SDoD begins with a collegiate tryst between “Edie” (Laura Minadeo) and “Bruno” (Christian Masters), the latter of whom meets his predictable end at the hands of a masked killer wielding a potato peeler. The police are called in, “Detective Sergeant Vargas” (Aaron Andrade) and his partner “Sam” (Dan Mauro), who proceed to overact every period procedural cliché from Dirty Harry to Kojak, along with a bit of Magnum, P.I. on crack cocaine. Griffin noted quite seriously introducing the premiere that it was a challenge to get actors of excellent ability to play their roles intentionally badly, but Andrade’s police detective was so over-the-top ridiculous that the character carried a substantial part of the film: delivering idiotically inappropriate snippets from Shakespeare and non-seqitur lines such as “It ain’t worth two squirts of owl piss to me!” with vibrant emotion and emphasis, Andrade’s virtuoso portrayal of a narcissistic, hard-boiled, lunatic completely took over and filled up the screen whenever he was on it. The audience eventually started laughing in anticipation every time Andrade appeared in a scene, before he even said or did anything.

“Bambi” (Hannah Lum), “Kruz” (Tobias Wilson), “Chad” (Graham King), “Lumpy” (Rich Tretheway), and “Severin” (Anna Rizzo) are the student actors. “Jason” (Evan Clinton) is the beret-wearing drama professor directing the play, and his flamingly gay persona unnerves the homophobic Vargas. Lumpy happens to be quarterback for the school football team – “Go Squids!” – and is a bit slow in the intellectual department. Lum is outstanding as a Judas Priest-obsessed airhead who is so reminiscent of Flashdance that she even wears leg warmers while otherwise naked in the shower. “Mr. Felg” (Bill Pett), the theater janitor, witnesses the killing but doesn’t pay attention because he “doesn’t meddle in other people’s affairs.”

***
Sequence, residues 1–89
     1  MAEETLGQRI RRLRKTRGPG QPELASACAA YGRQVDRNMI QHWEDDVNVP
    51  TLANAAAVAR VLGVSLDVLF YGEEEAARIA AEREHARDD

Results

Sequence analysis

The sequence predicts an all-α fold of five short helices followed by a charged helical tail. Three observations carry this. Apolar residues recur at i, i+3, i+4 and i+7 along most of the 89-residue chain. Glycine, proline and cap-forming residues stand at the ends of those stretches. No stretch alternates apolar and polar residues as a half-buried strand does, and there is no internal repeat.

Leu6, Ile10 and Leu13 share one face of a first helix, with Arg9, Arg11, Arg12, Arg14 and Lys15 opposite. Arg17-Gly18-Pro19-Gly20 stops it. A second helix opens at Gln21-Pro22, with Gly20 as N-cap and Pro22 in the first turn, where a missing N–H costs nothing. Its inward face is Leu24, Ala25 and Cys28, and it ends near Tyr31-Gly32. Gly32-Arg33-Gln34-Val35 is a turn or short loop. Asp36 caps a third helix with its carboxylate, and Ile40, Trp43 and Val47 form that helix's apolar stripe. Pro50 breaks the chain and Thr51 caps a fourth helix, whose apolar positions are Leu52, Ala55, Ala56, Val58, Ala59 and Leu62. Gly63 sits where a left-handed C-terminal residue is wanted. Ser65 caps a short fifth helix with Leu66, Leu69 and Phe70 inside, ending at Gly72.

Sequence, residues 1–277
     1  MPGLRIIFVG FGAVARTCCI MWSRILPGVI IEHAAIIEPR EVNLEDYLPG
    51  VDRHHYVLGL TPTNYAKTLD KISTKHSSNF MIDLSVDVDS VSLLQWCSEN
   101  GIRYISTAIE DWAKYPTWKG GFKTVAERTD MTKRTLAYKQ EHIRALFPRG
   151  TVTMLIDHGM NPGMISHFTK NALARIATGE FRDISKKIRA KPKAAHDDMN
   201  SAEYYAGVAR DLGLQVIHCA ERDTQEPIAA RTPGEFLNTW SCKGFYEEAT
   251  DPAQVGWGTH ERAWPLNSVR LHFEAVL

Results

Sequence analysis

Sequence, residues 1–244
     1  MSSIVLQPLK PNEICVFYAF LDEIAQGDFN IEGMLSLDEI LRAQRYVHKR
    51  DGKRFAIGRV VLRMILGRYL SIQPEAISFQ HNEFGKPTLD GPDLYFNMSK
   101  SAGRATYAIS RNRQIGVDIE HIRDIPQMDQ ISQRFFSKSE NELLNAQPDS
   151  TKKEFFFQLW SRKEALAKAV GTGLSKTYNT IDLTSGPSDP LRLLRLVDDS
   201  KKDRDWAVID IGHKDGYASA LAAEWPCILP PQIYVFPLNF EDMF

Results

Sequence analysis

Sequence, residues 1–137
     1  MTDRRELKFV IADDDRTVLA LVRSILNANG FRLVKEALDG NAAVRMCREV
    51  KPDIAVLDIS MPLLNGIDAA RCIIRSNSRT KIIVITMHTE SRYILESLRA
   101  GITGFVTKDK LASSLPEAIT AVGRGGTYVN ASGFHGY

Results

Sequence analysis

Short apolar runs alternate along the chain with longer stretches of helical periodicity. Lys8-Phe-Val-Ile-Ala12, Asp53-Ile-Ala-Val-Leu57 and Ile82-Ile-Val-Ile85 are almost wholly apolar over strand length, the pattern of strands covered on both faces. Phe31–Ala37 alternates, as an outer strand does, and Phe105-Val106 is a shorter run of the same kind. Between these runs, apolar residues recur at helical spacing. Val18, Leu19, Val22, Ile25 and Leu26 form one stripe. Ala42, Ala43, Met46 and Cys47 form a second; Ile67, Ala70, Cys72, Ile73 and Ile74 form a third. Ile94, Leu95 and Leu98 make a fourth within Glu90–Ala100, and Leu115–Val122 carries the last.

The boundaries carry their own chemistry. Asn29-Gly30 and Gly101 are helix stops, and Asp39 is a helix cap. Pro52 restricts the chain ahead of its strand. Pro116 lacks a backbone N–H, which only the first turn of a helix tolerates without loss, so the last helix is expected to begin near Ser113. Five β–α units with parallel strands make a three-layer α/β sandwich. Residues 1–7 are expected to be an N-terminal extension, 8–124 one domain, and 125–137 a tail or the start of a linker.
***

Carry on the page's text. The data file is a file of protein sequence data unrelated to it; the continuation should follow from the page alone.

As the murders mount up, “Jane Peach” (Laura Pepper) is a reporter who despite her Pulitzer Prize-winning history is reduced to working for the Dunwich Penney Saver (sic) under editor “Mahoney” (Dave Almeida), and she gets past “Officer Kansinski” (Vincent Perrone) into a crime scene.

“Mark” (Mark Zuccola), a long-haired metal-head and “student of the occult,” is caught hanging around the theater but has an alibi for the murder, a time-stamped receipt from the local Safeway at 432 Lovecraft Road. It turns out that he has been writing a “satanic code translator” on his “Tandy home computer” – which, in yet another presumably deliberate continuity error, contains no Tandy parts but is actually a Commodore VIC-20 pushed up against an Apple Macintosh SE – he claims “is just like the one NASA uses.” After inserting a 5.25-inch floppy disk, the computer outputs an inverted pentagram over the words “Yog Sothoth”, the character Lumpy is playing on stage.

It’s impossible to convey the surreal nature of the experience of watching this production. Griffin has really outdone himself this time, breaking just about all of the conventions of film making to inspire an hour and a half of continuous laughter, defying audience expectations in ways that a less daring director would not risk. Suffice it to say that the final unmasking of the killer is one of the funniest scenes I’ve ever watched on film.

Seven Dorms of Death, directed by Richard Griffin, from Scorpio Film Releasing. Griffin has said that there will be several additional screenings scheduled in the near future, details to be announced. Trailer clip.